Yield vs Coupon
Yield and Coupon are terms that are associated with the purchase of bonds. These terms are quite different to each other, even though many have confused them to have a similar meaning. A yield on a bond is the percentage return that is earned on the bond in terms of the price paid and the interest earned. The interest rate that the bondholder receives is called the coupon rate. Both these items of information are essential to determine whether an investment made in bonds is profitable or not. The following article offers comprehensive explanations on each term and explains the similarities and differences between the two.
The yield of a bond is the amount or the percentage return that a bondholder can expect to obtain from investing in bonds. The yield of a bond will be calculated by taking into consideration the current price of the bond, rather than the price that remained at the time the purchase was made. In order to calculate the bond’s yield, it is important to find out the bond’s coupon rate. A simple formula for calculating the bond’s yield is
Yield = Coupon/Price
This means that the price of the bond will change according to the bond’s price. In the event that the bond is sold at a lower price, the investor can obtain a higher yield. If the bond is sold at a higher price, the investor will have a lower yield on their bond.
A bond is a form of debt to a firm. When an individual purchases a company’s bond, the investor essentially loans the funds to the firm with the agreement that interest will be paid on the funds lent and that the total amount borrowed will be returned at maturity. A bond’s coupon is the interest that is paid out on a yearly basis to the bond holder. There are also some bonds known as zero coupon bonds. For these bonds, there are no interest rates that apply, and these bonds are issued for less than their face value. The profit that is obtained by the investor is in the difference between the price that was paid for the bond at the time of purchase and the amount that was returned at maturity (which will be higher than the purchase price).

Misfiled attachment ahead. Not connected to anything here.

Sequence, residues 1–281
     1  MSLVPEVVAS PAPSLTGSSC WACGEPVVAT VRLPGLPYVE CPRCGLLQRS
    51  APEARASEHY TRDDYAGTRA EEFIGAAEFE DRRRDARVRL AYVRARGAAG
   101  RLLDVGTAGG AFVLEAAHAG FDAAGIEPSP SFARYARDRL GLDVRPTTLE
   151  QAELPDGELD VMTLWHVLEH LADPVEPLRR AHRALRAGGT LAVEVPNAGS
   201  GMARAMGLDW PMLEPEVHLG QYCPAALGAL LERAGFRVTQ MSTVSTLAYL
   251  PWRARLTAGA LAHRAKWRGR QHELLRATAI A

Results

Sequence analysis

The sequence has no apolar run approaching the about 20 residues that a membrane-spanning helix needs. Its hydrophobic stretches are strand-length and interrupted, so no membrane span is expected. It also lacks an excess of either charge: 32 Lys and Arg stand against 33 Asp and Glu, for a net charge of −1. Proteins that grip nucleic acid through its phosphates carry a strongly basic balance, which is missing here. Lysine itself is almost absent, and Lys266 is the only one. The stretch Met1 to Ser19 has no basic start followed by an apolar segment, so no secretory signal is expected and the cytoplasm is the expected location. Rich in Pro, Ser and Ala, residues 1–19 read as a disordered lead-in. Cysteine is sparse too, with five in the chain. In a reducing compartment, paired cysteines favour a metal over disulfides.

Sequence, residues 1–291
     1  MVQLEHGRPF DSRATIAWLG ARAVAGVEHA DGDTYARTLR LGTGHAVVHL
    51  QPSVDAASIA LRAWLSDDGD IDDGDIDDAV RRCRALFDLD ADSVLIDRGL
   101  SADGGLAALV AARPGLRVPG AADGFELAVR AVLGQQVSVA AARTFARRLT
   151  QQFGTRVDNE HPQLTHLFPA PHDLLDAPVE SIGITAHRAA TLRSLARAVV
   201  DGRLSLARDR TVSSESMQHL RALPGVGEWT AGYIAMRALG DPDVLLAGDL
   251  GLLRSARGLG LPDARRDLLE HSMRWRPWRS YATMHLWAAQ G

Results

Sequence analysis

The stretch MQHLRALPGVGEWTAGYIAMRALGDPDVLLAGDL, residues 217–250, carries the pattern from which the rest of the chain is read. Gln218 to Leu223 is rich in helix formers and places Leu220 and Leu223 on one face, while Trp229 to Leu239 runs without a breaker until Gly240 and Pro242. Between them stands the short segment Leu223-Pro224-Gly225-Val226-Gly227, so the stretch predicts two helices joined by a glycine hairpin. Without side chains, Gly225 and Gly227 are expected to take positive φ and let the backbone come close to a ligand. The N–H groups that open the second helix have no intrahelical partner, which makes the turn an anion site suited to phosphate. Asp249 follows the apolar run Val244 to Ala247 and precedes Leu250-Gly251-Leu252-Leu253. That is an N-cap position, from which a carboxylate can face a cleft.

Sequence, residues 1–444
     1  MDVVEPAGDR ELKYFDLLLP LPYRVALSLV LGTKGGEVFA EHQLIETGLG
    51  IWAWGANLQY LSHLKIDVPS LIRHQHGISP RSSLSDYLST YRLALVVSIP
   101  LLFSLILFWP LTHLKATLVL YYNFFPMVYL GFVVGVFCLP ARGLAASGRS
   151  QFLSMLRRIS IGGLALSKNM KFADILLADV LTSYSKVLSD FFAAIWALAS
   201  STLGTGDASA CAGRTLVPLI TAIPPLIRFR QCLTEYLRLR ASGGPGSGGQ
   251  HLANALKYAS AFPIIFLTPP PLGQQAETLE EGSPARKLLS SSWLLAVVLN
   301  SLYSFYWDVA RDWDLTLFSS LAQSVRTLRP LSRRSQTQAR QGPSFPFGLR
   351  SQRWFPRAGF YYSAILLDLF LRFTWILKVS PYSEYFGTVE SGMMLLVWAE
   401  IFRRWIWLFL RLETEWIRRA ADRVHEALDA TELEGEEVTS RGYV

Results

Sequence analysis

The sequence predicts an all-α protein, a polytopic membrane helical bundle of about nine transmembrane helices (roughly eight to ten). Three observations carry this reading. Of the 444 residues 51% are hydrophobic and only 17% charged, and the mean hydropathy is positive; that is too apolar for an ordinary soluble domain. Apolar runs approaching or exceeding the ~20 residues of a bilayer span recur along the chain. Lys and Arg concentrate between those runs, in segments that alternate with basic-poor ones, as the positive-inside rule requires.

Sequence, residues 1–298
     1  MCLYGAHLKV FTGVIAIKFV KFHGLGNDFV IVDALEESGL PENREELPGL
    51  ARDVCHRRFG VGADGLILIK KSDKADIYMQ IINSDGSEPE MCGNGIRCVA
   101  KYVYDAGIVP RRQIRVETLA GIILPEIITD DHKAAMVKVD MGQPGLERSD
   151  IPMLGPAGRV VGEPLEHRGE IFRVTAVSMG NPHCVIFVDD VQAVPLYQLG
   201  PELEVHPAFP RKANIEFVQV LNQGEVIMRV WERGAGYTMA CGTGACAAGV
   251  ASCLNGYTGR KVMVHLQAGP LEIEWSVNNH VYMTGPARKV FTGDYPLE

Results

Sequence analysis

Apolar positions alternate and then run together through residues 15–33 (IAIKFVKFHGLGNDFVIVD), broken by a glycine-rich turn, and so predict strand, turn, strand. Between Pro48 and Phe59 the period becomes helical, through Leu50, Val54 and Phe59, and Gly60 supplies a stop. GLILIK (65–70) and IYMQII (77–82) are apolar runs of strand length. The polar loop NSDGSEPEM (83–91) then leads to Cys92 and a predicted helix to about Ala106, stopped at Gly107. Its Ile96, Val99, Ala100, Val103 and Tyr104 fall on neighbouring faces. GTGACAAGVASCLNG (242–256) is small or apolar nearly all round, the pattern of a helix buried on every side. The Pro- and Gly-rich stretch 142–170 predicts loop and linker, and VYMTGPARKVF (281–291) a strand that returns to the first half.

What is the difference between Yield and Coupon?
A coupon rate is the interest rate that a bondholder receives for lending money to a corporation. The yield on the bond is the overall percentage return that is calculated from the coupon rate and the price of the bond at the time. The difference between the two can be clearly demonstrated with an example. A company issues a bond at $1000 par value that has a coupon interest rate of 10%. So to calculate the yield = coupon/price would be (coupon =10% of 1000 = $100), $100/$1000. This bond will carry a yield of 10%. However in a few years’ time the bond price will fall to $800. The new yield for the same bond would be ($100/$800) 12.5%.
Yield vs Coupon
• Yield and Coupon are terms that are associated with the purchase of bonds. These terms are quite different to each other, even though many have confused them to have a similar meaning.
• The yield of a bond is the amount or the percentage return that a bondholder can expect to obtain from investing in bonds.
• A bond’s coupon is the interest that is paid out on a yearly basis to the bond holder.
Leave a Reply